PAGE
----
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5

I use the concept of friction based productivity, it goes like this: If you want to stop doing something, make it harder to do that thing. The first step would be to simply uninstall Minecraft and any game while you still have some consciousness of the time wasted there. Another example is getting rid of your TV (but I am guessing that you are still living ...


4

My opinion is 5 minute break is not only for total context switch but for a rest too: stand up from computer, make some physical exercises, make tea/coffee/your favourite drink here, etc. I tended to do the same for sometime but noticed that I couldn't finish anything with such a schedule. What I've ended up is summing up all of these small tasks in 1 ...


4

There is a way out of this. Like any other technique to replace 'bad' habits, it requires discipline but the reason it appears to work for a lot of us is its a good hack to trick your brain: If you are able to diagnose every habit into its underlying cues, routine and reward, you will be able to attack each component separately and will most likely ...


3

In all of the studying I do, I have found that being able to take breaks whenever I want to can be detrimental. Although a 5-10 minute break every hour doesn't seem bad, you may not be breaking enough. I'd definitely recommend the Pomodoro Technique.


3

I once had a therapist who firmly believed in a system called 'the 50 minute hour'. It generally applies to studying, but I don't see why it can't be used for other tasks, such as lengthy chores, or things of the home improvement variety. The idea, really, is that you apply yourself to whatever it is you're doing for a solid 50 minutes, and then complete the ...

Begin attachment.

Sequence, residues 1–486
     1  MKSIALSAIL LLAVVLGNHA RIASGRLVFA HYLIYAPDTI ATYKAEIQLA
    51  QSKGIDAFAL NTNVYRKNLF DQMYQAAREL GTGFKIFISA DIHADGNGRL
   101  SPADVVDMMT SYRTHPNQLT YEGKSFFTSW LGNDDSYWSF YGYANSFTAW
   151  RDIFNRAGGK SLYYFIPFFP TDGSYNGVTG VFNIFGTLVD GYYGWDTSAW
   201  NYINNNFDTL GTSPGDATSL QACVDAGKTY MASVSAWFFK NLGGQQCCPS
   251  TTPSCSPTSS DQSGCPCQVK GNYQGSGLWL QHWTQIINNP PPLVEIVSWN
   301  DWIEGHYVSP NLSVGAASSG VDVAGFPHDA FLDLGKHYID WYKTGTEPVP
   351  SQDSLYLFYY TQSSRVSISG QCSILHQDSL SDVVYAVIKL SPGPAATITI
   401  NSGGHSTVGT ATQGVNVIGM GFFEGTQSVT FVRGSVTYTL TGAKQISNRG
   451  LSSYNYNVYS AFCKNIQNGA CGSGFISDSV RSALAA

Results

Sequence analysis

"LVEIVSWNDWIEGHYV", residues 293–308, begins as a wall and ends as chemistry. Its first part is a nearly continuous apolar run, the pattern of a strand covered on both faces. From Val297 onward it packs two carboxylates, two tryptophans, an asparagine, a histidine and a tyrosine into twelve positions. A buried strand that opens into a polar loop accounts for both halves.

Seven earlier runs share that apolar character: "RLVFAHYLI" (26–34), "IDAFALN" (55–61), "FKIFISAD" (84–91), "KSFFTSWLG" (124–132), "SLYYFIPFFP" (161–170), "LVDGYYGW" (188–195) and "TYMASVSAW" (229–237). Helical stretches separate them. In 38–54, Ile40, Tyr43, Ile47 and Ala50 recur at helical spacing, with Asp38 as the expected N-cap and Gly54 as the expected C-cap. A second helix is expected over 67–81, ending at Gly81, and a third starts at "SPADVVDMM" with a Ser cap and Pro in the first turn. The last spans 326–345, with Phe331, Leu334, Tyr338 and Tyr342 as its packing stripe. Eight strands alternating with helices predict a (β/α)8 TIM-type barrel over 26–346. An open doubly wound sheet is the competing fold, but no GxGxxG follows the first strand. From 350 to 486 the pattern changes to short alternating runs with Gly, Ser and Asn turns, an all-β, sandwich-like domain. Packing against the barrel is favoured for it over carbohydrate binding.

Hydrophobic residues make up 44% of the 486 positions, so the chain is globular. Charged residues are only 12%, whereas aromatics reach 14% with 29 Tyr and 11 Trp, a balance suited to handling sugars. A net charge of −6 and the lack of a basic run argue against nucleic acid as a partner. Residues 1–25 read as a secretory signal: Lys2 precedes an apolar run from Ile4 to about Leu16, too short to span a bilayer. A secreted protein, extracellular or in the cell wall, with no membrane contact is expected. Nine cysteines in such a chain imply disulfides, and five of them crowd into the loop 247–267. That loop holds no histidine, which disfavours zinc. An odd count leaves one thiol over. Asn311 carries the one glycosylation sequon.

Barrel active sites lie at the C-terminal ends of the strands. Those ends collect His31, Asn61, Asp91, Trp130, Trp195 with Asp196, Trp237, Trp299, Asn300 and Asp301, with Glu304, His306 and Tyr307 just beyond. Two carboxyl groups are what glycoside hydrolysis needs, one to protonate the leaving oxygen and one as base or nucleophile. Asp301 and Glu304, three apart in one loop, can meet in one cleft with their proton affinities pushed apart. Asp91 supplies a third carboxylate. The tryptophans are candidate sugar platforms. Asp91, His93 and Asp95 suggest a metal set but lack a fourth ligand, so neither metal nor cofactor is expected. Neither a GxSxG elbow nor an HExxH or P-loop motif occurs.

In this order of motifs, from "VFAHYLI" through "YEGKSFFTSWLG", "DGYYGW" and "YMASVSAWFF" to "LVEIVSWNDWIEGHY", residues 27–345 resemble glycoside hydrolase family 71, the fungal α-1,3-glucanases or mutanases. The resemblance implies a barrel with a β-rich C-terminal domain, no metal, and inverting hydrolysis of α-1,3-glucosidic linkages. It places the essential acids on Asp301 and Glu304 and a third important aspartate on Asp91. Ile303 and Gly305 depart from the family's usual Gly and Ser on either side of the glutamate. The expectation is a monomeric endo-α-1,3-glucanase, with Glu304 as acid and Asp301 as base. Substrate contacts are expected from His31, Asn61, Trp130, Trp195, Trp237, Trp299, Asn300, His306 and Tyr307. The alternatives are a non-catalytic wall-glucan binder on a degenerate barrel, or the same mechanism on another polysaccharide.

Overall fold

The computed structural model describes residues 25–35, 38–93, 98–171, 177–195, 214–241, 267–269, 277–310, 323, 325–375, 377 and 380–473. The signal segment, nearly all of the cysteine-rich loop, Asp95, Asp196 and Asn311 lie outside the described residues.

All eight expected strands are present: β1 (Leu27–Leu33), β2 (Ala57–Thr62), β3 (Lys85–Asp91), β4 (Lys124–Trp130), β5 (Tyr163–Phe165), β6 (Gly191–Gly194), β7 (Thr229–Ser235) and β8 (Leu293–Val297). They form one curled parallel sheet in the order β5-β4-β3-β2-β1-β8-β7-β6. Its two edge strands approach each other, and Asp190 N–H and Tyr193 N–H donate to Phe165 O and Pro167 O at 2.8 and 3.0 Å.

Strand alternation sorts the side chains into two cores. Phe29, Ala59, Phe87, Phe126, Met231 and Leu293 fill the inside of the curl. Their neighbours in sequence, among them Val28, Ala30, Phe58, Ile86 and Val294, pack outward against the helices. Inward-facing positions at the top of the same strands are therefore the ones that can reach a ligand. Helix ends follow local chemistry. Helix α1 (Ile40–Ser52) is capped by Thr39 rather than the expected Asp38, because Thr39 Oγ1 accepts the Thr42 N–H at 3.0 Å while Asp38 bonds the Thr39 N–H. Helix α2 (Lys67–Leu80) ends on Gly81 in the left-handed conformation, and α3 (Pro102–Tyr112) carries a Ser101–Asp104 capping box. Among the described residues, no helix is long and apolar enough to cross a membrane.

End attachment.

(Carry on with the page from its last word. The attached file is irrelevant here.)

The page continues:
2

According to studies by Professor K. Anders Ericsson and his colleagues at Florida State University, working in 90-minute intervals maximizes productivity. Elite performers apparently work in uninterrupted sessions for no more than 90 minutes. Normally they don't work for more than 4.5 hours in any given day. Breaks should be between 20-30 minutes. So, ...


2

My rule is this: A pomodoro break must begin with me getting up from my desk, walking (even if briefly), stretching, getting water, etc. Any time left over I will use to do whatever I want back at my desk. Don't do it in the reverse. You'll never get up, and you'll find you'll get burned out easier.


1

In my opinion, that cannot be counted as a break. The main purpose of the break (in my experience) is to set you back to a "whole-picture-aware" state. By keeping focus on something, I think you maybe preventing that from happen. It's like you create a very short 5m pomodoro for yourself. My advice is to let the mind ramble free, maybe you can keep your ...


1

When I'm in a Pomodoro mode, any task that doesn't take a full Pomodoro gets bundled with other tasks into a "mixed activity" Pomodoro. The idea of the break is to refresh yourself, if you simply change to another task you're not getting that benefit. I find physical exercise of some kind is most useful. Whether that's a walk around the office, a trip ...



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